If CACJ's reasoning were adopted, one could be charged with burglary only when that person is unsuccessful in accomplishing the theft or felony for which he or she entered the structure. Such a result would be absurd, and we must “presume that the Legislature did not intend absurd results.” (Head, supra, 42 Cal.3d at p. 232, 228 Cal.Rptr. 184, 721 P.2d 65.) Yet, that is what CACJ in effect contends in suggesting that, because the Legislature has enacted specific Corporations Code sections proscribing the fraudulent sale of securities, it intended to preclude a burglary prosecution when the purpose for the illegal entry is the fraudulent sale of securities and this objective is achieved. We cannot agree.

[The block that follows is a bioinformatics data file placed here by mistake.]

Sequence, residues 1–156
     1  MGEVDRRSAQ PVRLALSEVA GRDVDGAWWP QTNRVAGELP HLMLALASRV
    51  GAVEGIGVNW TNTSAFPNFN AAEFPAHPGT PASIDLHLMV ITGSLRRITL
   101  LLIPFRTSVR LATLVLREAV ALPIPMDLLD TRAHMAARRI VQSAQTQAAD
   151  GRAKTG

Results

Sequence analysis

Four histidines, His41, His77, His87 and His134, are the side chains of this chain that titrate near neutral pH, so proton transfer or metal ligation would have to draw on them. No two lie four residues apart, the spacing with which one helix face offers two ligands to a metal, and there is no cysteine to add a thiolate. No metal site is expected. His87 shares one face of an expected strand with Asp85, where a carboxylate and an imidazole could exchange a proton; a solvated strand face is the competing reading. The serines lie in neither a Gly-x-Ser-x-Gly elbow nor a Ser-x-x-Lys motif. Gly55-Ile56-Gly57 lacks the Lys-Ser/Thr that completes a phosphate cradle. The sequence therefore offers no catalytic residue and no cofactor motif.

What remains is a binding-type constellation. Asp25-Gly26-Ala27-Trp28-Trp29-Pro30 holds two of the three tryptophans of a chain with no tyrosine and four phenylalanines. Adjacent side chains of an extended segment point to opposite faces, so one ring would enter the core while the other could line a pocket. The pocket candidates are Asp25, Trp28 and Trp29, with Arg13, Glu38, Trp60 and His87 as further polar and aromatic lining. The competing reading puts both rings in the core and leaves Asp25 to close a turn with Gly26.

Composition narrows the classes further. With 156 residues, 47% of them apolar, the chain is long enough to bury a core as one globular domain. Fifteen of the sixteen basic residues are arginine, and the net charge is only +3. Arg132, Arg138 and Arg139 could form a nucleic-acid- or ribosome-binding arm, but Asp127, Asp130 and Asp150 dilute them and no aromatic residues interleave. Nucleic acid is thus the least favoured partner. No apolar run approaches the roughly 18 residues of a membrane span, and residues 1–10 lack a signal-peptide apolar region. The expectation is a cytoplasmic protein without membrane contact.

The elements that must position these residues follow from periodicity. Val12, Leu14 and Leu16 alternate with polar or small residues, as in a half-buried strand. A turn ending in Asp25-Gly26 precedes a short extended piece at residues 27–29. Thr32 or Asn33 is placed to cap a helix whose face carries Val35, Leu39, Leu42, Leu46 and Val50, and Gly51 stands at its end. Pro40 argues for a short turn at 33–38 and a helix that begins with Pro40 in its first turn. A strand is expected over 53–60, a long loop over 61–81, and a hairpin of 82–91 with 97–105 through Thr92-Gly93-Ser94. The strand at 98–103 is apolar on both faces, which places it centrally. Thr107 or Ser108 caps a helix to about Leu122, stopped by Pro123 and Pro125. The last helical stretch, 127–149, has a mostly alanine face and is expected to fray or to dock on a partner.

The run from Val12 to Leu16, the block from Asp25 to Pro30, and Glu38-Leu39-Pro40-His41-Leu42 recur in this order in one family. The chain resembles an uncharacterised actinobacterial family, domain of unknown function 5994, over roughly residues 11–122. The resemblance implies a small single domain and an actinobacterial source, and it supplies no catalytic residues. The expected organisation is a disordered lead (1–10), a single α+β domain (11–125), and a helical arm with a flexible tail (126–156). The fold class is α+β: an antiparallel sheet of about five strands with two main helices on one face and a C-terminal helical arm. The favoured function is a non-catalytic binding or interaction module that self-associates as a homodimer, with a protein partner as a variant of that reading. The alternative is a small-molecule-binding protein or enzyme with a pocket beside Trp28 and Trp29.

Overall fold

The Legislature has enacted numerous statutes outlawing specific acts of misconduct. Because it has enacted statutes proscribing specific crimes does not indicate the Legislature intended to preclude a burglary prosecution when a burglar successfully completes a specific crime once inside the structure. Amicus curiae's contention ignores the fact that California's burglary statutes have a purpose separate from that of statutes outlawing the felonious conduct the intruder intends to commit once inside the structure. (See Part I, ante.) Our state's burglary statutes are designed to protect the possessory right to property regardless of the nature of the theft or felony the intruder intends to commit inside the structure. Hence, the burglary sections are specific statutes which address a subject matter separate and distinct from violations of California's fraudulent securities statutes. “[W]here two statutes do not purport to deal with the same subject matter, there is no need to resort to the rule of construction that the more specific statute controls. The statutes simply do not cover the same subject matter and therefore are not in conflict.” (Shoemaker v. Myers (1990) 52 Cal.3d 1, 21, 276 Cal.Rptr. 303, 801 P.2d 1054; People v. Barrowclough (1974) 39 Cal.App.3d 50, 55, 113 Cal.Rptr. 852.)